We do not reject the null hypothesis and we can then conclude that the status quo (null) is true. 2. We reject the null hypothesis and we cannot conclude that the status quo (null) is true. Hypothesis testing relies on “proof by contradiction”. The author uses the analogy of our legal system to explain this concept. Ultimately we never prove with certainty the null hypothesis to be true. Because of this limitation we can never accept the null hypothesis. Instead the most we can say is that we do not have enough evidence to reject the null hypothesis. H 0 : The defendant is innocent (status quo); H 1 : The defendant is guilty The two conclusions are: 1. Reject the null hypothesis The defendant is guilty 2. Fail to reject the Null hypothesis The defendant is not guilty. There is always going to be a risk of drawing the wrong conclusion because we are using data from a sample to draw conclusions about the population. The two types of errors we could make are: (p.386) 1. Type I Error: occurs when the null hypothesis is rejected but is reality is true. The probability of making a type 1 error is known as, a, the level of significance. 2. Type II Error: occurs when we fail to reject the null hypothesis when in reality it is not true. The probability of making a type two error is known as β. The only way to reduce the risk of making both error is to increase the sample size. We will look at how to perform hypothesis tests for three scenarios: 9.2 Hypothesis Testing for the Population Mean when σ is Known (p.388 Step 1: Identify the null and alternative hypotheses. Step 2: Set a value for the significance level, a.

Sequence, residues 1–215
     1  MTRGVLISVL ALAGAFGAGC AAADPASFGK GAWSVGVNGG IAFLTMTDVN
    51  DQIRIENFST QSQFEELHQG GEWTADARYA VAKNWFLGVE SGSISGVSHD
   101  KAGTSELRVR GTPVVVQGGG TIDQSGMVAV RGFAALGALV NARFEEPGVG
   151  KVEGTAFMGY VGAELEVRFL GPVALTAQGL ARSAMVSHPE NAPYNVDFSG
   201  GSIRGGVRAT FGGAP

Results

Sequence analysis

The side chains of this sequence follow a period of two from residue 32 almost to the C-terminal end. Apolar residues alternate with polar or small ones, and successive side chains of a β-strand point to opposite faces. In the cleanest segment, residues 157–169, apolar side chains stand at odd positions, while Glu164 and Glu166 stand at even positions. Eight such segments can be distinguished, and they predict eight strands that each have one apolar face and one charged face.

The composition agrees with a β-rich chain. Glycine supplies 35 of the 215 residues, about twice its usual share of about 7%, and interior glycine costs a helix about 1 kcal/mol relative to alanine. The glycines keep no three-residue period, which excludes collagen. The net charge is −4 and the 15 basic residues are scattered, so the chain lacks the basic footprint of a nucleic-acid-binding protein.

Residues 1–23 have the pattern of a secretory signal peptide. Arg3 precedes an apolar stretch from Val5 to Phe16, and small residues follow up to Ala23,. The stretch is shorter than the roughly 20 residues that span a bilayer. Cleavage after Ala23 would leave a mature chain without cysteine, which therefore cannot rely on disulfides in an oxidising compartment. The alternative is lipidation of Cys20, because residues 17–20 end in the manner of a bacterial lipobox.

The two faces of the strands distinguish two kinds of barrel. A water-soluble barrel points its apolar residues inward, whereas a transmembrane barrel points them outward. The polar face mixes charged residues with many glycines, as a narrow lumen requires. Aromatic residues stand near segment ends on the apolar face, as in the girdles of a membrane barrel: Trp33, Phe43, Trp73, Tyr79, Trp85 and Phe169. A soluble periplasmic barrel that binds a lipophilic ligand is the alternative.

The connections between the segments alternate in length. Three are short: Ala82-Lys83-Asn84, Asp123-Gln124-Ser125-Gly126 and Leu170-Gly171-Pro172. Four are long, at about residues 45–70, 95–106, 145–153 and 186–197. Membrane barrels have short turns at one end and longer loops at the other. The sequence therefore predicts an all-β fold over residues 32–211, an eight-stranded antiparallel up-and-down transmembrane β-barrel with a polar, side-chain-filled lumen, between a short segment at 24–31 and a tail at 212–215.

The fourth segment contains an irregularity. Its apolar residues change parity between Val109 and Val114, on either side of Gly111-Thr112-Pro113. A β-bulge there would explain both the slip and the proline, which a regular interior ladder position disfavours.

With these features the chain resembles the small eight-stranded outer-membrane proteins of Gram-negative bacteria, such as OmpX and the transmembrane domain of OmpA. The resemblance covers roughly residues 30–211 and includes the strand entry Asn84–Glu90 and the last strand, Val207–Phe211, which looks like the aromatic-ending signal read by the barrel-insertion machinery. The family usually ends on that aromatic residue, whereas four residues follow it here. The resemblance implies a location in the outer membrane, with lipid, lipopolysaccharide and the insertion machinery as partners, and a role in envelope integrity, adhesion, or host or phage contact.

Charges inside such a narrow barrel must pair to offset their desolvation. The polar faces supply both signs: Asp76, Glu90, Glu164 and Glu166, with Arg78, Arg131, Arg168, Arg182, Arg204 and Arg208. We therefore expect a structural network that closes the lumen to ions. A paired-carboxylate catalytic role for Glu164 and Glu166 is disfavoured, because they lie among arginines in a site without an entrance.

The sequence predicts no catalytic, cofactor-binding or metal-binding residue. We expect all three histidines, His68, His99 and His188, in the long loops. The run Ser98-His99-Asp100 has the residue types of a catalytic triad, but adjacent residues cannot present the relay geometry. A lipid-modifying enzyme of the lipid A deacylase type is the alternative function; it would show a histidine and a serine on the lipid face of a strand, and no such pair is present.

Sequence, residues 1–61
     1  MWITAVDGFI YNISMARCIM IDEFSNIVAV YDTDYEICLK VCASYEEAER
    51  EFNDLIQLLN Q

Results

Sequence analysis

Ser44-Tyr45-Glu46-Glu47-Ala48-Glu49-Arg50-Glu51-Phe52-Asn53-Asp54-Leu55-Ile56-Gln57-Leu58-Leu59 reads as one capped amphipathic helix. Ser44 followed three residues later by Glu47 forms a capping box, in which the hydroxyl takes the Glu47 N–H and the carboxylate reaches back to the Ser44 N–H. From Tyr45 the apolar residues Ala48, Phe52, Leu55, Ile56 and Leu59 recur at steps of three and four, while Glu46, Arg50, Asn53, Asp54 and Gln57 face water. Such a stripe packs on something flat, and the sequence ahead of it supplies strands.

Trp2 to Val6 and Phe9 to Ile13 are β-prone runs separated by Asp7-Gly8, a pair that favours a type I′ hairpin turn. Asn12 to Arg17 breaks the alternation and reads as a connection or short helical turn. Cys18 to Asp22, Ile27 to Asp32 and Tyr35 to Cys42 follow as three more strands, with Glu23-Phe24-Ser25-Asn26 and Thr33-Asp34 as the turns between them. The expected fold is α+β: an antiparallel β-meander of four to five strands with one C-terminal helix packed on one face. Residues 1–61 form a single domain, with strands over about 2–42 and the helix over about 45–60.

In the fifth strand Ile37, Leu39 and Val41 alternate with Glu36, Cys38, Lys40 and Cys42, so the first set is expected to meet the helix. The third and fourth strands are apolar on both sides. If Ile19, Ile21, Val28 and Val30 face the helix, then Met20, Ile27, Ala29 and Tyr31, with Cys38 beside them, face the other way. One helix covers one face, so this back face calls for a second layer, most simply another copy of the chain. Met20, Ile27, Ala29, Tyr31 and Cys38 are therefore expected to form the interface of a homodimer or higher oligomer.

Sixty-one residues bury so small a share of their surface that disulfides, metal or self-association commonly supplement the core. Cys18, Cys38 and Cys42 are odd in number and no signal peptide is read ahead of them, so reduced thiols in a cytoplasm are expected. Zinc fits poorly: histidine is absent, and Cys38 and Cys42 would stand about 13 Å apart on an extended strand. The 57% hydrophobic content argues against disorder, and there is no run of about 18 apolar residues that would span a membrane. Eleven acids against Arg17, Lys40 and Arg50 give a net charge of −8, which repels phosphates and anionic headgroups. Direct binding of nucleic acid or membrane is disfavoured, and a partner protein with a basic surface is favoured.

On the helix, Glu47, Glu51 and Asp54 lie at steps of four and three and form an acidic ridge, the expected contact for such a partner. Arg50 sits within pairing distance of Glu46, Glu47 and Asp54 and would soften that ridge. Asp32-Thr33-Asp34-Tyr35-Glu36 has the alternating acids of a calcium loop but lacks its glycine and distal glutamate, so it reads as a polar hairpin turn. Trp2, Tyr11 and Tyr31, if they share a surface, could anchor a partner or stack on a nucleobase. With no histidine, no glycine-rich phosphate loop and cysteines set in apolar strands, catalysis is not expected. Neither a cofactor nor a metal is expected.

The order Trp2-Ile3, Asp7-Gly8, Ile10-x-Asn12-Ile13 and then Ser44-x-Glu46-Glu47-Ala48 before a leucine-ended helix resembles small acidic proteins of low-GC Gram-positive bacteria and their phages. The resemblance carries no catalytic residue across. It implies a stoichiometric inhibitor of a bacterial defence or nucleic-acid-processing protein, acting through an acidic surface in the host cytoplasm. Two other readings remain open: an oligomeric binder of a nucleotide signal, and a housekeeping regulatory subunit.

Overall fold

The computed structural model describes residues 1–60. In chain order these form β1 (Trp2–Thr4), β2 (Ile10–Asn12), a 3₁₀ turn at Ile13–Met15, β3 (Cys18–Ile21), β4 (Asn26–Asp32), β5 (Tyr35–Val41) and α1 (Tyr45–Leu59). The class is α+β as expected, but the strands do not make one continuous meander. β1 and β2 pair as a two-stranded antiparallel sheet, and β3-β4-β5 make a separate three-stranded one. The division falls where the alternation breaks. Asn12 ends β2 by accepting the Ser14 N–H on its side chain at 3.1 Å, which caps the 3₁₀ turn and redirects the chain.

Step 3: Determine the appropriate critical value. One-Tailed Test: Find z-score at z a in the tail Two-Tailed Test: Find z-score with _______ in the tail We can use the excel function =norm.s.inv to get the critical z-score.
- Spring '13
- Null hypothesis, Statistical hypothesis testing